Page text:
This semester, I’m taking a class called “Placelessness.” I’m not entirely sure what it’s about yet, but our first assignment was to define place in a short paper. Below is what I wrote. 


Place is such an ambiguous and boundless concept, that it can be quite difficult to define. Depending on the context, place have can have many meanings. Place can be a physical location, a state of mind, a moment in time, or an area of unrestricted size.  


The first thing that comes to mind when I think of place, is anything searchable on Google Maps. To be more clear: a precise physical location. It could be my apartment. It could be the library study room. It could be the center of the sun (Is that searchable on Google Maps?). As I ponder a bit more, It becomes clear that different places can come in different sizes. Can the port-a-potty next to the construction site be considered a place? Yes. Can the entire country of Bulgaria be considered a place? Yes. Can the the universe be considered a place? Uhhhhhh… probably?


If all of the above are places, then what do they have in common that make them a place? Borders. Borders could be man-made barriers, or geological formations like mountains, rivers or coastlines. A border could be Donald Drumpf’s big and beautiful wall that Mexico will definitely pay for. Sometimes the borders may not be so clear. They could be arbitrary lines drawn by political officials. Borders could also be some sort of latitude or longitude. Or, the border itself could be a place. Something like Earth’s atmosphere or the Great Wall of China. Come to think of it… isn’t every border a place?

Places also have a sense of consistency. When it comes to humans, we may like to define places based our comfort zones. An area sharing the same culture, language, currency, and climate, could be considered its own place. Or perhaps, an area that is easily accessible within itself, such as the Chicago metropolitan area. That’s certainly a place.

The bigger the place, the more vague things may have to get when talking about consistency. What is consistent throughout the entire universe? Matter perhaps? Atoms. Electrons. Protons. What about dark matter? I don’t even know what dark matter is.

Let’s talk about time. What does it mean to have a place in time? It’s a fourth dimension; expanding on top of the physical elements in the world. Time can seemingly be broken into three categories: Past, Now, and Future. The past encompasses everything that occurred up until now. In order to identify the place of a previous event, it would be necessary to identify the location and time. The place in which the Declaration of Independence was signed? Philadelphia, 1776. The exact time and location in Philadelphia? Go ask a historian.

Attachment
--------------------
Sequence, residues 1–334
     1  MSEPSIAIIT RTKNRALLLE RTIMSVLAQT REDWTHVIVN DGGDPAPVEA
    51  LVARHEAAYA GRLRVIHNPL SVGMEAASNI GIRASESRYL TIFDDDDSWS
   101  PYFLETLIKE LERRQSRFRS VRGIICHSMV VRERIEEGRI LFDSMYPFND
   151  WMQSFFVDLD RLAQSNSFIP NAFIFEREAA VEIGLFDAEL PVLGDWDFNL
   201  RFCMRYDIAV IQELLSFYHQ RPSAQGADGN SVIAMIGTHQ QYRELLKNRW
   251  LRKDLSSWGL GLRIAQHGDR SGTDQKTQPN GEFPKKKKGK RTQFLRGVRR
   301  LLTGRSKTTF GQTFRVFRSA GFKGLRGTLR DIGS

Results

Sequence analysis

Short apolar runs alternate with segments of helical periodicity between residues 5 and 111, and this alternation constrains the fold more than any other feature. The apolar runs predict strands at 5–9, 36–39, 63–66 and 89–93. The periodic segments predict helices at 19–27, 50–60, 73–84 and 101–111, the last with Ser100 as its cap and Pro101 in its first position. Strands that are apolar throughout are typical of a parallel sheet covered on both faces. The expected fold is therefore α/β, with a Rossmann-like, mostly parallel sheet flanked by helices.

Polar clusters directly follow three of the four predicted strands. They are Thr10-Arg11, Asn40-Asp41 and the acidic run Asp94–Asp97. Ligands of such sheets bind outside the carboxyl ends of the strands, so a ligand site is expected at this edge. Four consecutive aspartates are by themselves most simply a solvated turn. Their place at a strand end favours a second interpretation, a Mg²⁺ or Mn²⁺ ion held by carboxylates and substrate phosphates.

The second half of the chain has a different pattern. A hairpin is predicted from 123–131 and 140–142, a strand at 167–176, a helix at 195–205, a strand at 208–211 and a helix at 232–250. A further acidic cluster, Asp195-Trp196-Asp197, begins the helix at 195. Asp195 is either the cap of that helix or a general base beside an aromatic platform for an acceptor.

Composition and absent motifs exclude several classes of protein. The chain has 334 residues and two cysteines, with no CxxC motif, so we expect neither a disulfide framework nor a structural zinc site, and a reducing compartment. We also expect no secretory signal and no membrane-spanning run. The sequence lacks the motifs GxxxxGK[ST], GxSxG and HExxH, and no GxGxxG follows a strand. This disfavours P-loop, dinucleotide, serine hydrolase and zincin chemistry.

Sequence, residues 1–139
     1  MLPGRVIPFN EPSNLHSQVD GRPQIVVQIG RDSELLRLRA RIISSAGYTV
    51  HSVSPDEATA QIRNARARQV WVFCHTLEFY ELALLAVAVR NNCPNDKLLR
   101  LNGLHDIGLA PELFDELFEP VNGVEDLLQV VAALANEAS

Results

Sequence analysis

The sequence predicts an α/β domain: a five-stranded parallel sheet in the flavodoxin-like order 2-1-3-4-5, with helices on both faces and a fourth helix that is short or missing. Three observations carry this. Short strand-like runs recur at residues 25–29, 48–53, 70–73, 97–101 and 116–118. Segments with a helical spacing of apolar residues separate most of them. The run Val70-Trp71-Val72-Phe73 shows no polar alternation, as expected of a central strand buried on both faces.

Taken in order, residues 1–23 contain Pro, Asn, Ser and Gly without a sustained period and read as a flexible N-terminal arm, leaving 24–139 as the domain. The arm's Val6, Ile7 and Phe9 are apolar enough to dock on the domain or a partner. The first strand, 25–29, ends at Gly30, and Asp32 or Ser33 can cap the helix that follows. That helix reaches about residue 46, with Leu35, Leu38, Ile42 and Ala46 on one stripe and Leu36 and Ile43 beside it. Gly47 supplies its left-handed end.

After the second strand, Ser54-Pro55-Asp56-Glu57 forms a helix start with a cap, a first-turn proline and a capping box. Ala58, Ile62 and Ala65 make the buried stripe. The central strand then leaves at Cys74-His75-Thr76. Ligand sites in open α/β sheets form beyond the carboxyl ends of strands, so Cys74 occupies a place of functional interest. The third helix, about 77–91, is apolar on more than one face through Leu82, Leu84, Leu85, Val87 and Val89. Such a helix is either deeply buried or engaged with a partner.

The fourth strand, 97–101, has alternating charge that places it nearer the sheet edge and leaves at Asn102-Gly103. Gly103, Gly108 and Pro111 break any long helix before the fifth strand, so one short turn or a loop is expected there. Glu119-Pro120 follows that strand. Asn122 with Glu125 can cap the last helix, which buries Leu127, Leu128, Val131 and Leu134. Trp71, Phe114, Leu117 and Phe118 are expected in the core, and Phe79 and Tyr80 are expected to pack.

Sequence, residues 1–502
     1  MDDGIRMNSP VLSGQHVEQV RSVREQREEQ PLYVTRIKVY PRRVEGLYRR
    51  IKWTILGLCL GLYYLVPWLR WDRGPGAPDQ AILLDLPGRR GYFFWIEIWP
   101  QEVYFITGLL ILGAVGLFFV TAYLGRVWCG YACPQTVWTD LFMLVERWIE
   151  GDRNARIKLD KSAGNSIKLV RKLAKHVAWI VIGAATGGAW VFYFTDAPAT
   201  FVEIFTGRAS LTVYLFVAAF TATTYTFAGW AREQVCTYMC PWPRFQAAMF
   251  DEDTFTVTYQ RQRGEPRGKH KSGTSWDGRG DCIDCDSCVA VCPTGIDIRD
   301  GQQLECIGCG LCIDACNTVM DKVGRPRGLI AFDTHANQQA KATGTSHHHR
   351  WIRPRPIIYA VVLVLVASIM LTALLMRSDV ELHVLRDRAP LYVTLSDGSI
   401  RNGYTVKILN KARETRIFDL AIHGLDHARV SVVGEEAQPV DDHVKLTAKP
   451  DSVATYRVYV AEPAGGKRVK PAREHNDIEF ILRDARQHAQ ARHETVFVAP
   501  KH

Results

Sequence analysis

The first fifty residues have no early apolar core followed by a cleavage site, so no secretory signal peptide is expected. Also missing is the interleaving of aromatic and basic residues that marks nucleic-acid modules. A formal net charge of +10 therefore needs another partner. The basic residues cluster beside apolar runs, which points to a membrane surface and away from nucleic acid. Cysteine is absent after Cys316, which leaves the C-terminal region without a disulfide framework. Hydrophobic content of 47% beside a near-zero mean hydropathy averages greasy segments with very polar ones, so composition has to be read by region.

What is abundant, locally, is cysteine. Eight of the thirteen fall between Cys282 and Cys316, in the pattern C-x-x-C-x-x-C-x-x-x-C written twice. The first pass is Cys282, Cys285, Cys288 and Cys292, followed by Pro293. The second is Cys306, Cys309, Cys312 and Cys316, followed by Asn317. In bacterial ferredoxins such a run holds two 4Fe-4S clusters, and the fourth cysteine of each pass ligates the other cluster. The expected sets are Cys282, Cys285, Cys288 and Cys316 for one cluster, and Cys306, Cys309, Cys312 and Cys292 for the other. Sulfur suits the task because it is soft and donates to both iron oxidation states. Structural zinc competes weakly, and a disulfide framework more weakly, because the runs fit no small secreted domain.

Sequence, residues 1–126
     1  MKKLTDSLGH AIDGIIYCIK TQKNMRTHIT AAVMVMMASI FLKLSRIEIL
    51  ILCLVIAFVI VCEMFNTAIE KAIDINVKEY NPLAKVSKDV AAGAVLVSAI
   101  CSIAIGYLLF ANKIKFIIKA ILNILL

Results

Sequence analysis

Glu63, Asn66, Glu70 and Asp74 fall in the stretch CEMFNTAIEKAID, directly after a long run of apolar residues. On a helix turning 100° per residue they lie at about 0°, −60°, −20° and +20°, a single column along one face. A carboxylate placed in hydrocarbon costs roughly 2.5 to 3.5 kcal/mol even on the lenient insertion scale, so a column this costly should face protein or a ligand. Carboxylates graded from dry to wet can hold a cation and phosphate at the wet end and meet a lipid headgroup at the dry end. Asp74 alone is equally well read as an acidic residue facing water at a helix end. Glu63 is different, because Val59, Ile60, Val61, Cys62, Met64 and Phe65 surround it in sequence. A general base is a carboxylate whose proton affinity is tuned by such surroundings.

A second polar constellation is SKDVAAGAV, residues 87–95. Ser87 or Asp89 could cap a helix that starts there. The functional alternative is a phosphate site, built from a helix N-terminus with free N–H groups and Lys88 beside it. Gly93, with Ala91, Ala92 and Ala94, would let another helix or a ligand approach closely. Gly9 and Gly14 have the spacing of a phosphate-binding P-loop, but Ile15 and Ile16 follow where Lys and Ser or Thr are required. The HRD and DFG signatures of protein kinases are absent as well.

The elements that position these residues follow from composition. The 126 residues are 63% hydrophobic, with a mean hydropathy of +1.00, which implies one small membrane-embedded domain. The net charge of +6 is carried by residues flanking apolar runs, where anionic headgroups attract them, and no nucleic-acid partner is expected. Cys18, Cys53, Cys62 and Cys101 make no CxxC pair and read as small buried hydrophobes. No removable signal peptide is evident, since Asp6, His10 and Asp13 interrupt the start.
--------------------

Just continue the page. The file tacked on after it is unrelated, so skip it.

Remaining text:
The concept of “Now” is the only moment of time anyone truly experiences for their entire lives. It is impossible to experience the future or go back and re-experience the past. For many people, Now is whatever time is displayed on their iphone. For others, it is a point on an infinite line that has no meaning. As humans, it is the collection of these points which are more meaningful. Everything happening in Now will immediately be transferred to the past. That’s kind of sad.

The future is perhaps the most difficult part of time to grasp, as it has not yet occurred. To say something has a place in the future can’t always be said with 100% certainty. Will the the sun rise tomorrow morning? Almost definitely. Will the iPhone 7 be released soon? Yeah, most likely. Will I get an A in this class? Let’s hope so.
Speaking of time and getting an A in this class, I need to submit this before the deadline!

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